The famous Hanzell Vineyard was planted to Chardonnay over 50 years ago, and they have never sold grapes to anyone in the past. Of pure interest to find out how a wine from their grapes in the hands of Lioco, with their minimalistic philosophy, would taste like, they decided to sell some grapes to them in 2010. This wine is made from the clones Old Wente, Robert Young and the Hanzell Selection, harvested at 22.7 Brix. Of the trio, this is the most powerful wine and in that sense it is the “grand cru” of them. It offers a rich and slightly nutty, almost toasty nose with a flinty minerality, its medium bodied and very intensive with a rich and creamy texture, but lively acidity and a tickling minerality. With its 13.4 percent alcohol, it’s quite Burgundian in its structure. It’s a very good wine, that opens up just lovely with decanting, just lika the wines from Burgundy.
Drink it 2012-2016

Wednesday, August 8, 2012

A lovely Nebbiolo from Clendenen Family Vineyards

In 2010, only 62 hectares was planted to Nebbiolo in California, and of that just one hectare is found in the famous Bien Nacido Vineyard in the northeastern corner of Santa Maria Valley. The vines were planted in 1994 and gives two wines, the lovely Nebbiolo Bricco Buon Natale and the even more impressive Nebbiolo Punta Esclamativa.

   It is said that it takes a lot of knowledge and wine appreciation to understand the wine world, and to even get close to what a varietal wine or a blend from a specific wine region or even smaller appellation tastes like. In most cases, unless we talk about world class wines from the best winemakers in the world, that precise knowledge isn't there.
   Over the last two decades, when I have travelled the wine world, I have heard thousands of times that "this is our Chablis styled Chardonnay", and "this is so Montrachet-like", and "this is just like the greatest wines of Médoc", och "a great Tempranillo" and, not too often though, "our very finest Barolo-styled Nebbiolo". And in an overwhelming majority of these cases, are there very small similarities, if any at all.
   However, it doesn't take more than a small chat with legendary Jim Clendenen of Au Bon Climat and his more recent Clendenen Family Vineyards, to realize that he knows what he is talking about and that he really knows the world of wine. And if you're not lucky enough to meet him and talk to him, the answer is in the bottle. The guy knows the world of fine wine!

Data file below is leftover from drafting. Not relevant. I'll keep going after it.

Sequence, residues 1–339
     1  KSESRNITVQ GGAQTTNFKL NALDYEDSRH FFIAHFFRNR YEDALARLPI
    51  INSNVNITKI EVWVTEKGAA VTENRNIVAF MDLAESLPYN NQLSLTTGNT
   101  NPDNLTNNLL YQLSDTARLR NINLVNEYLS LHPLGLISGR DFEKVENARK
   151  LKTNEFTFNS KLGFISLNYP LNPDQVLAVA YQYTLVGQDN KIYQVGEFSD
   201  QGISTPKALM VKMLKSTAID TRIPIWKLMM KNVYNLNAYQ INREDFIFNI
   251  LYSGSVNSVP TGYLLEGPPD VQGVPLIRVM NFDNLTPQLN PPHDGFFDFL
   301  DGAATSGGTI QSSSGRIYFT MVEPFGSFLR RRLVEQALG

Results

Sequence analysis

2003 Nebbiolo Punta Esclamativa / 91 p
This is a one hundred percent Nebbiolo from two small lots of nine year old Nebbiolo vines, fermented in small tanks with a total of three weeks of skin contact, then matured in 500 liter French oak barrels during the for Barolo wines typical time of four years. Alcohol level is, according to the label, 13.5 percent, and I have no reason to think that this isn't true. There's no traces of sweet alcohol or alcohol warmth in the taste.
  I poured this wine blind at 15 degrees Celsius in Burgundy shaped glasses to a handful of top sommeliers, and some of them went directly to Nebbiolo. That's a good sign, and I totally understand that. The others placed it in Santa Barbara County, mostly for its intense red fruit flavors, riper fruit and lively acidity, and besides the tannins, they thought it was a great Pinot Noir. Not too bad either, to me Nebbiolo and its great wines from Barolo and Barbaresco is the burgundian wine style of Italy.
   At first, the fruit scent was a bit "warmer" in style, so one sommelier suggested it could be the warmer 2003 vintage in Piedmont, and that both the acidity and tannic structure was a bit leaner than in the Italian wines, and that's a good comment. Still the variety character is there, true and without no doubt very typical. Red fruit, sun ripe raspberries, rose petals, a hint of fine tobacco, even that small note of that rubber I find so attractive in Barolos and Barbarescos, and those characters became much more prominent after some hours in the decanter, to be even more true "Barolo like" after 24 hours in the decanter! There's just a small sweetish note of the oak, but still on a very moderate level, and a slightly riper fruit than in the Piedmontese counterparts.
   Based on the fact that the wine is now nine years old and that it took around a day for it in the decanter to really open up, my guess is that it should age beautifully another decade or even more. Still I think it will be at its best, with all its lovely and already complex aromas, the coming six years from now. Serve it at around 16-17 degrees Celsius, but decant it before!
Drink it 2012-2018